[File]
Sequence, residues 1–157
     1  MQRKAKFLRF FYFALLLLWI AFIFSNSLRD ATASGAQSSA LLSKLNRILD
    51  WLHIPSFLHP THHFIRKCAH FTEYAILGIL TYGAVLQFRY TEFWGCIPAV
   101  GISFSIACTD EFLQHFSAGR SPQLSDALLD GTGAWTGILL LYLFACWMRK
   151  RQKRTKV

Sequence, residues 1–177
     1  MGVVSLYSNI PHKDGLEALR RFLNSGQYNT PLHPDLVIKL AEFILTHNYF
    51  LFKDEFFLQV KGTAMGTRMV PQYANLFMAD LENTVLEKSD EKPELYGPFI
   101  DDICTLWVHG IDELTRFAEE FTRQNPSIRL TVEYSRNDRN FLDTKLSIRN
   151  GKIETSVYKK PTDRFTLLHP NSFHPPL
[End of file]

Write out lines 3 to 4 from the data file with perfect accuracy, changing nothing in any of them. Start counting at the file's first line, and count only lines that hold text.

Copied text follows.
    51  WLHIPSFLHP THHFIRKCAH FTEYAILGIL TYGAVLQFRY TEFWGCIPAV
   101  GISFSIACTD EFLQHFSAGR SPQLSDALLD GTGAWTGILL LYLFACWMRK